CALLER: Well, I can't take credit for this, I didn't make it up. But...

HOLMES: Take credit anyway.

CALLER: ... It references those MasterCard commercials.

PRESS: Yes.

CALLER: And the "Spin of the Day" was running for president, $84 million, having your brother fix the election, priceless.

PRESS: Oh. Tamara, very good, I like it. Delaware comes through. We also have some "Spins of the Day"...

HOLMES: Yes we do.

PRESS: ... from our viewers. You go first.

HOLMES: E-mail, apparently we have a lot of embittered Democrats on Al Gore's invention, sending this in. "Spin of the Day, I'm tired of the media trying to tell me to calm down and play nice to someone who I know stole this election using every slimy tactic he and his family could come up with to do it."

PRESS: Maybe that came from a Ralph Nader supporter. I'm not sure.

Here's a "Spin of the Day" unsigned. "My "Spin of the Day" was listening to Gary Bauer babble on, on "Crossfire" about the vast conservative majority that elected Mr. Bush. May I remind him that the vice president won the popular vote?"

Where was the conservative majority? It didn't really exist.

HOLMES: Yeah, apparently they were shunted to the side in this election here.

Another SPIN ROOM e-mail, "Spin of the Day." "Did Ralph Nader blow the election for Al Gore? No way. The partisan win from the Supreme Court blew the election right to G.W."

PRESS: I like that. One more before we get to ours. "The Bush presidency reminds me of Milli Vanilli. There's going to be a lot of lip synching. And in four years, nobody is going to admit to actually buying the record."

Oh, I like that.

HOLMES: I didn't buy their record. But I loved their music.

PRESS: Very good.

Our "Spins of the Day." You've got yours. I've got mine. You want to go first?

HOLMES: Sure. My "Spin of the Day," Hillary Clinton's book deal. Apparently she's negotiating for $8 million with Simon & Schuster as if there were going to be any new revelations. Didn't we read everything there was to know in the free Ken Starr report?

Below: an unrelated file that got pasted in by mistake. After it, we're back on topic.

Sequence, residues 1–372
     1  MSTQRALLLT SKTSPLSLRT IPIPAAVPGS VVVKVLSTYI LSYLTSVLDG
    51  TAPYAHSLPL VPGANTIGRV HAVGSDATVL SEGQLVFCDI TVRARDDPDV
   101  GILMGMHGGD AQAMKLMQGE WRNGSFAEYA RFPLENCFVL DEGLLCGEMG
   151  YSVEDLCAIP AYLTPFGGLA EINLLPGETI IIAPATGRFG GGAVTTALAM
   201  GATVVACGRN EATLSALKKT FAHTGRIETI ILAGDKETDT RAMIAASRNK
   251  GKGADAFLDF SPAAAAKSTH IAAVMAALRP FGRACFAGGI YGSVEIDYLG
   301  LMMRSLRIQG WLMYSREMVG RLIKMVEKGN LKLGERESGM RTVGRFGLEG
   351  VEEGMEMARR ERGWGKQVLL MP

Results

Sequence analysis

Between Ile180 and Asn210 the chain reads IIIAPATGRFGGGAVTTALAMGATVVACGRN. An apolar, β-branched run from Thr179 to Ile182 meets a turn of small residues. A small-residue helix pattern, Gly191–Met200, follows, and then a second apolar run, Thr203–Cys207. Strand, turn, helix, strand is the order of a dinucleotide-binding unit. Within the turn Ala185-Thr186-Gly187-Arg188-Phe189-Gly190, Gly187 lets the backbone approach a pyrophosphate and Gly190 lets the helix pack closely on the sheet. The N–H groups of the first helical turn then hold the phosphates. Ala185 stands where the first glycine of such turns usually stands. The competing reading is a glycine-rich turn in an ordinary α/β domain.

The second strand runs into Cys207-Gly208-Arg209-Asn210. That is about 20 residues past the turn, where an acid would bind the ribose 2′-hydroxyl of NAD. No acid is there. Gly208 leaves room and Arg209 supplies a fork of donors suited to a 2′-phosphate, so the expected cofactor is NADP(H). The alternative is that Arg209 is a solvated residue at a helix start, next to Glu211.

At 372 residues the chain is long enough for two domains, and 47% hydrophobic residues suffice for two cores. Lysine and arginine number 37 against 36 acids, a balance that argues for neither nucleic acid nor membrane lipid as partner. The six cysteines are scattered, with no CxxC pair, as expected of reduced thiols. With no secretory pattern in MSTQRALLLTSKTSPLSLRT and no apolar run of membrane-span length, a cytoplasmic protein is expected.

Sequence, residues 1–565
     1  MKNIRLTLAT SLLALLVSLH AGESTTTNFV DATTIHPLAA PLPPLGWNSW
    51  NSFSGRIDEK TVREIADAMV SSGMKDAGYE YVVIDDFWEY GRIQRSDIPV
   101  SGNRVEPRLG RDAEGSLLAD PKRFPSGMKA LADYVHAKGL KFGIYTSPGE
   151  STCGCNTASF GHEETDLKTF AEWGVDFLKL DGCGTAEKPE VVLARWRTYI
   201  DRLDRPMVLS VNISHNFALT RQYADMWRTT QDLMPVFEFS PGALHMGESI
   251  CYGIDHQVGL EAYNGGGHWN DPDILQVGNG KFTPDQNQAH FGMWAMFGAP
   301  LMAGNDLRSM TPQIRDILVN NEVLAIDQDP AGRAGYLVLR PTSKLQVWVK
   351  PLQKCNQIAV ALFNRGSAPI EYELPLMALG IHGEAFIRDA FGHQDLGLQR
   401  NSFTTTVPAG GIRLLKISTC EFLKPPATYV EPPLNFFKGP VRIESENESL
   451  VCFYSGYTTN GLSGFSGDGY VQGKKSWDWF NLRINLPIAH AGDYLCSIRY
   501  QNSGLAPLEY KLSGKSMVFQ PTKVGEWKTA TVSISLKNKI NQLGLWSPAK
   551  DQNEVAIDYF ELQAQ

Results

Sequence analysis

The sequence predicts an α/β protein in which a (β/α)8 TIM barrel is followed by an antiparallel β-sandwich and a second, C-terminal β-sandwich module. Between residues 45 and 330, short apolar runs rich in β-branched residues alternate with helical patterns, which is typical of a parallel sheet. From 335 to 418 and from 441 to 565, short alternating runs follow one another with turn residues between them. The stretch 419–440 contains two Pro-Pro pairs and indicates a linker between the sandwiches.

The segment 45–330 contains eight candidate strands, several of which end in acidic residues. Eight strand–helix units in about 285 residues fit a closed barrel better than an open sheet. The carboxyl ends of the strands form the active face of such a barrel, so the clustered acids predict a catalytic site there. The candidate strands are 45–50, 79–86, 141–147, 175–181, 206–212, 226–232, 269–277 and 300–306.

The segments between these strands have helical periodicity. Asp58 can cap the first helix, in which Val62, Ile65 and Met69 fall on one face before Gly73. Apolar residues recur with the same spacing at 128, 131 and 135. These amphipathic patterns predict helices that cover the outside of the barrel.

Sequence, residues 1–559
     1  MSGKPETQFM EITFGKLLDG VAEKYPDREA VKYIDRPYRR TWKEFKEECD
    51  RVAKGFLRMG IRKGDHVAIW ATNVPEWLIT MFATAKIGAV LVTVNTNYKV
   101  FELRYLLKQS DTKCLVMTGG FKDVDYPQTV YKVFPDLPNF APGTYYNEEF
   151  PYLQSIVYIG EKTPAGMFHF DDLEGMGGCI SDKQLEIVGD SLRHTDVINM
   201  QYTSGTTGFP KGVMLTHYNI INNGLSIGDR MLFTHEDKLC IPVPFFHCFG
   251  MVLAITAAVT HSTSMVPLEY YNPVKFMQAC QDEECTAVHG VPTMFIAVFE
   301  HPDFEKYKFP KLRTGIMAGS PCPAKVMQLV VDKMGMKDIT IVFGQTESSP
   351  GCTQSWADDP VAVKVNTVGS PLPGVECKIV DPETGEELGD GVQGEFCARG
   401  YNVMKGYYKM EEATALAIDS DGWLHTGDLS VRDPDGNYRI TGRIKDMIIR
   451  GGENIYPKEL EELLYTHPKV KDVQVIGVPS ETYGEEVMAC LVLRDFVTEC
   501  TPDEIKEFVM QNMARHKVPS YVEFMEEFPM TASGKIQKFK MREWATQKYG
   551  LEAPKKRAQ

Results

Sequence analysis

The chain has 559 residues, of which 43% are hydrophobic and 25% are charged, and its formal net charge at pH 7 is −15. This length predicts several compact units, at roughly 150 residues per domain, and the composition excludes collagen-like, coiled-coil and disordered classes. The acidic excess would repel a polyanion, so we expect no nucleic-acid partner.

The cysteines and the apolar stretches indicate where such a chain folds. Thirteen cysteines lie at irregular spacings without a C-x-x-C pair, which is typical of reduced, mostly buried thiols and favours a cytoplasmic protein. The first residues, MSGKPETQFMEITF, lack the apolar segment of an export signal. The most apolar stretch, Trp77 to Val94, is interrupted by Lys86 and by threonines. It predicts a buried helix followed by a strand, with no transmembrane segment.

I mean, what is she going to talk about, her cutting the grapefruit with her husband in the kitchen that she told "Talk" magazine? I think if we think there is going to be any new news from this book that we're fooling ourselves.

PRESS: Let me just ask you this. If you were offered an $8 million advance...

HOLMES: I'd take it.

PRESS: ... You'd take it.

HOLMES: Oh, yeah.

PRESS: You go, girl. That's what I say to Hillary. You go, girl.

Listen, nobody thought she was going to get elected to the Senate. And she did. And now she's senator-elect. And she's got the biggest book deal, I think even bigger than Colin Powell's book deal. And so I say, hey, you know what? Good for her. She deserves it. After all she's had to put up with, she deserves it.

All right, here's my "Spin of the Day." It's one of my favorite, very favorite, people. He actually told me once that I'm his favorite Democrat. He's my favorite religious conservative, the Reverend Jerry Falwell.

And he had some advice for George W. Bush today. Let's put it up on the screen. Here was his advice to the president-elect.

Reverend Falwell: "As far as I'm concerned, the worst thing Mr. Bush could do is bring Democrats into his administration or reach out to Governor Christie Whitman or Governor Tom Ridge for key positions when those people do not believe what his constituency believes or what he believes." So saith the Reverend Jerry Falwell.

I think he is dead wrong. I think George Bush wants to reach out to Democrats. He met with John Breaux today. And, Amy, I don't know what you think.

I think he should. I think he should try to bring some Democrats into his administration. I think he should try to build some bipartisanship in this town.

HOLMES: Right. But I'm sure what Jerry Falwell is also thinking about is this trap that the Democrats are laying for George Bush, which is, "If you pursue our agenda, we'll reward you." I think he's damned whichever way he goes on this. So...

PRESS: But don't you think the American people would like to see some bridge building?

HOLMES: I think they might like to. But do you think Tom Daschle, Dick Gephardt, they're going to want to bridge build to G.W.? PRESS: More than Jerry Falwell would. And we are out of time.

Amy, so great to have you here tonight.

Thanks, folks. Thanks for watching us. Good night, everybody. Thanks for joining THE SPIN ROOM.

Amy.

HOLMES: Thanks for having us. And we'll see Tucker Carlson Monday night.

PRESS: And Monday we start at a new time. That's 10:30, every night next week at 10:30. Tucker will be back.

Amy, good to have you here tonight.

Good night, everybody. Thanks for watching.